Digital technologies are reshaping the water sector, and the implications and opportunities around this are the focus of this year’s IWA Digital Water Summit. The Source spoke to Dragan Savic, chair of the steering committee of IWA’s Digital Water Programme.
The diversity and potential of digital technologies in the water sphere is enormous. Asked to mention some of the opportunities that lie ahead for the sector, Professor Dragan Savic, CEO of KWR Water Research Institute, and professor of hydroinformatics at the University of Exeter, points for example to the development and integration of better water quality sensors as an opportunity in the case of centralised supply systems.
Current microbiological, culture-based testing involves a substantial wait for results. More rapid solutions are progressing and becoming more widely available. Savic notes, for example, the potential of genetic analysis based on real-time polymerase chain reaction testing. “In 10 years’ time, why couldn’t we expect this to be almost instantaneous, so that we could have real-time information about the chemistry and biology of the water?” he asks. He sees this would bring the potential to transform how the sector approaches use of chlorination to provide disinfection, which carries the risk of producing carcinogenic trihalomethanes. “Why can’t we eliminate chlorination with the help of this type of technology?” he adds.
There are also opportunities away from centralised systems, especially use of digital technologies in decentralised solutions in developing countries, where there are currently huge unmet needs. Savic sees there is the potential for more widespread use, and further development, of water kiosks or water ATMs, for example. These may incorporate treatment technologies such as reverse osmosis or be connected to a centralised supply, but are connected to the cloud in terms of data and monitoring of the system performance.
“I see digitalisation as a key integrator within the utility”
“People pay using their mobile phone, getting guaranteed clean water,” says Savic, adding: “For me that is one of the key digital links in the context of the developing world.”
Digital standard practice
Across this array of expanding and emerging digital activities, it is possible to think in terms of what water utility standard practice might be in future.
Savic highlights demand prediction in particular.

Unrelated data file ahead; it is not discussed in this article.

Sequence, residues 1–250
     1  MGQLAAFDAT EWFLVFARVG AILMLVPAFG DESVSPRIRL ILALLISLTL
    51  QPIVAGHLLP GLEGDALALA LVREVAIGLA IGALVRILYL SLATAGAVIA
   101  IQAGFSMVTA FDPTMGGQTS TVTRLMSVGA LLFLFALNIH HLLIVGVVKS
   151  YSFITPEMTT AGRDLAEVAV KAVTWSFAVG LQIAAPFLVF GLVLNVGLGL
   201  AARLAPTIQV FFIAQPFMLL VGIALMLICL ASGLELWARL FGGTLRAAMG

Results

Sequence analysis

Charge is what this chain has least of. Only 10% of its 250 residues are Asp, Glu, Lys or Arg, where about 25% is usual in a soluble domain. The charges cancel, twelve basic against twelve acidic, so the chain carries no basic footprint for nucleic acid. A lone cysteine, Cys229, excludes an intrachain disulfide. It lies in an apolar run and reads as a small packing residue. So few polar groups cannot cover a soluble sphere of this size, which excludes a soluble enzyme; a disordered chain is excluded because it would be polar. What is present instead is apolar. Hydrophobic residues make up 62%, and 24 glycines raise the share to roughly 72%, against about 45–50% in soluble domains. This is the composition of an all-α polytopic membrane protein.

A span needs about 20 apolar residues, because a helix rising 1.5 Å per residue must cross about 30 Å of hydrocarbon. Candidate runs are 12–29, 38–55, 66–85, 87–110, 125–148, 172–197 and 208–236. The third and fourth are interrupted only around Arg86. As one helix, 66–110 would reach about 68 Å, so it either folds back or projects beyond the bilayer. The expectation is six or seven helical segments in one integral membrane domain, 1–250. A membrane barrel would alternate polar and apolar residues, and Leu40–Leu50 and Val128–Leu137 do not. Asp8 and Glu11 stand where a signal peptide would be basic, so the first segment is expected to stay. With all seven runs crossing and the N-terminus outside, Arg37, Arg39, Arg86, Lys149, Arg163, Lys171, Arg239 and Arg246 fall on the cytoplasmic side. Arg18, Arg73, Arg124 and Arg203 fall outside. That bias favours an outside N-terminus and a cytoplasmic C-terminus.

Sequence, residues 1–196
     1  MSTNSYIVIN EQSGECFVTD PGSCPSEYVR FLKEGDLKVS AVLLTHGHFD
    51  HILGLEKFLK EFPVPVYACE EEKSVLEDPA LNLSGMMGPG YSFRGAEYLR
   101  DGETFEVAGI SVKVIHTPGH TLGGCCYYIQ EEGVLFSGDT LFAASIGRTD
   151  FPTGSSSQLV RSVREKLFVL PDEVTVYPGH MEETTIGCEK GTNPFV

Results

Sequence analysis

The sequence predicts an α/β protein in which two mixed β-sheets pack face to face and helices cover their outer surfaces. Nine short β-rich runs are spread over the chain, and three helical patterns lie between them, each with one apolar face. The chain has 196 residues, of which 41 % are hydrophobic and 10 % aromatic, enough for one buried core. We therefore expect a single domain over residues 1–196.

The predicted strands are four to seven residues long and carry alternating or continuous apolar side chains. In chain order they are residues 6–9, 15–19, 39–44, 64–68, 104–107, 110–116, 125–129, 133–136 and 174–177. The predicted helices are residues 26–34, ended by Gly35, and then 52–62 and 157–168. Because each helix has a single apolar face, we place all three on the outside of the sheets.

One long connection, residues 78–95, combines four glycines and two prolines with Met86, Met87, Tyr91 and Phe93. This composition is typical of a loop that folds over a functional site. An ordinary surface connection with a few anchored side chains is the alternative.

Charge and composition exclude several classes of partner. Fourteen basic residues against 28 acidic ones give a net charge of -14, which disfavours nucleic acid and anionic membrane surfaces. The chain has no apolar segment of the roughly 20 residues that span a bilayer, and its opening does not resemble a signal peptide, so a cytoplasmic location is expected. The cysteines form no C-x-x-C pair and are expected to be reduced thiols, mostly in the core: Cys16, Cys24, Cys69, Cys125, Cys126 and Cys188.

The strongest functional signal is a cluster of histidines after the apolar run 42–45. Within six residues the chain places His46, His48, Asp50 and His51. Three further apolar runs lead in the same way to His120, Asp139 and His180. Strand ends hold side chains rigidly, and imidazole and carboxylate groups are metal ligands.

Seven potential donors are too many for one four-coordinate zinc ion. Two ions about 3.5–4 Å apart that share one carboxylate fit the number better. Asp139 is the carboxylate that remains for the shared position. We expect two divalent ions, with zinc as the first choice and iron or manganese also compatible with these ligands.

“Demand is the key driver for the existence and operation of utilities,” says Savic. “Having a good handle on demand is huge for any operator. We’re talking about anything from a prediction a few minutes ahead to a forecast of weeks, months, years and decades ahead. For long-term master planning and strategic decisions, you need to know where the demand is going,” he adds, noting the case of Japan as an example of where utilities may in fact face a decline in demand, and various consequences for water quality and service financial sustainability that are potentially associated with demand decline.
This demand prediction covers aspects such as operational planning for water treatment works, with perhaps a weekly schedule of daily demand. Demand prediction links with energy demand, connecting therefore to any efforts to reduce carbon dioxide emissions.
“All of those will be improved by the use of new digital means,” says Savic. This will include digital technologies deployed directly by utilities, such as data analytics and updated simulation techniques, combining with improved traditional process models.
“Also, in future I think there will be more use of data that is not generated by utilities,” he adds. This can include sources such as satellite imagery, weather information, even traffic information. “Digitalisation of traffic services now relies quite a lot on recognising where the pressure on the transport is. If we knew, for example, through the cellular telephone network where people are during the day, we would know where the water demand is,” says Savic. Broadly speaking, this means increased use of data from more widespread IoT and sensors. “We are getting into an area where water utilities haven’t been working in the past,” he says. However, this will also mean that data privacy, data protection, and data ownership will have to be considered and resolved in the process of pooling data from different sources.
“There will be more use of data that is not generated by utilities”